By DANIEL KITTREDGE Ken Hopkins and his supporters had been confident of a victory in the Republican mayoral primary. Neither they nor most observers, however, expected Tuesday's primary election night gathering at the St. Mary's Feast Society building
Ken Hopkins and his supporters had been confident of a victory in the Republican mayoral primary.
Neither they nor most observers, however, expected Tuesday’s primary election night gathering at the St. Mary’s Feast Society building in Knightsville to become a victory party.
The second-term citywide City Council member bested his GOP primary opponent, Council President Michael Farina, by a roughly 3-1 margin based on in-person voting results from 90 percent of the city’s precincts.
Even with emergency, provisional and mail ballot counts not yet added to the tally – and with a final results not anticipated until Wednesday or Thursday – it was enough for Farina to concede and Hopkins to address his supporters as the victor of what was frequently a contentious contest.
“Now, the H-train has arrived,” Hopkins told cheering supporters, reprising a frequent campaign slogan after receiving introductions from former mayor Michael Traficante and Mayor Allan Fung. “All aboard!”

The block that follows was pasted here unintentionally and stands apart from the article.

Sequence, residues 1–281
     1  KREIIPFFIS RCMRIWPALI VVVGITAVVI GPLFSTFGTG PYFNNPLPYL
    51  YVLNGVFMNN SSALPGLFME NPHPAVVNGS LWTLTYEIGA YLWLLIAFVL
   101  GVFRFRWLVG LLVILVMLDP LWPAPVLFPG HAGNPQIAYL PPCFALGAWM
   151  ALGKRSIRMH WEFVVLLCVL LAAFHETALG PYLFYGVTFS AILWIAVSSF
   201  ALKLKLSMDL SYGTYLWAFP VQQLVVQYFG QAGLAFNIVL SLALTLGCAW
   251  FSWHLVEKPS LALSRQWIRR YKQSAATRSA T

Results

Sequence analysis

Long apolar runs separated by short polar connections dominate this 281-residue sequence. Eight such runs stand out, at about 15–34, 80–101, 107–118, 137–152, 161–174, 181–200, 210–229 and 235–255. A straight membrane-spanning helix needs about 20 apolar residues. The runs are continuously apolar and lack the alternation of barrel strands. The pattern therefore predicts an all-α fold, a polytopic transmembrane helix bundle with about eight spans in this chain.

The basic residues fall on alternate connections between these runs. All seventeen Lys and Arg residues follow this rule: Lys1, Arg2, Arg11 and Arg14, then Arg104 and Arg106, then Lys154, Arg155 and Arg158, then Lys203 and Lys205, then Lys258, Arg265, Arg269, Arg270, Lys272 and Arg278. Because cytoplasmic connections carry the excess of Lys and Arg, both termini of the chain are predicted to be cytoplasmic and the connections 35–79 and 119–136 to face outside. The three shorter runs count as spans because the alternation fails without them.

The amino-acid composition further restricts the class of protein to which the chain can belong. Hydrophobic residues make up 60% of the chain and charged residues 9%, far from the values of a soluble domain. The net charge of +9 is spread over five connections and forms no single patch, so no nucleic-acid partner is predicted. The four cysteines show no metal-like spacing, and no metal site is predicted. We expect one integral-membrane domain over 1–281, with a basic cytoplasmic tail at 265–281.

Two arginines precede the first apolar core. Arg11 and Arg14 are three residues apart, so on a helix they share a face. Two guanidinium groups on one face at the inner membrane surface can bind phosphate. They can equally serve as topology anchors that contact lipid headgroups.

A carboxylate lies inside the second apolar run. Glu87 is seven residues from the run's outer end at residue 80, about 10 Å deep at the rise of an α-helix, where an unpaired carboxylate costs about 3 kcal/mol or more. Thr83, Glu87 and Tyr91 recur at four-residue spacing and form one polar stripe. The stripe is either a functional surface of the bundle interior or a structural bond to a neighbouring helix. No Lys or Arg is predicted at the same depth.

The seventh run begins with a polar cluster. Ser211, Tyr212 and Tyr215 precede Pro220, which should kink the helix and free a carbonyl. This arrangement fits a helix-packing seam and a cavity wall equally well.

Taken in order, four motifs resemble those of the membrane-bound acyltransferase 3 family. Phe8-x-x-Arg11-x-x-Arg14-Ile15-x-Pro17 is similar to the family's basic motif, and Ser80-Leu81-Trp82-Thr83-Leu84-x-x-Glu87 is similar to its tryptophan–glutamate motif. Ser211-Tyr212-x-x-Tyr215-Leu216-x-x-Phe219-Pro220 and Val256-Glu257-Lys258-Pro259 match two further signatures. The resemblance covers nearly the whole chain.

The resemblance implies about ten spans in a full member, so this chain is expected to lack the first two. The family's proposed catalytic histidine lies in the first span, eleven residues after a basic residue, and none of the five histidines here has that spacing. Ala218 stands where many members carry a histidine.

He added: “Guys this is pretty special … Tonight’s results are a wonderful achievement for our campaign in our efforts to be Cranston’s next mayor. And it was all because of you.”
Fung, who endorsed Hopkins as his chosen successor, said during his remarks: “We never rested … And we’re shouting, shouting all throughout Cranston, every single ward, because it doesn’t stop tonight.”
A number of other Republican officials and candidates were in attendance for Hopkins’s event, including Barbara Ann Fenton-Fung, who is seeking the House District 15 seat currently held by Speaker Nicholas Mattiello; Ward 5 Councilman Chris Paplauskas, who endorsed Hopkins’s bid; citywide council candidates Nicole Renzulli and Don Roach; Ward 2 council hopeful Zac Sailer; and Ward 6 council hopeful Matthew Reilly.
Farina and his supporters gathered at Miller’s Crossing off Oaklawn Avenue as the polls closed. The council president provided brief remarks to those on hand.
“It is what it is. I am retired from politics,” he told the Herald. “I am sad that all the hard work we did, my core team, my volunteers, I am sad we didn’t achieve what we set out to do.”
Hopkins, during his event, congratulated Farina for “being in the arena.”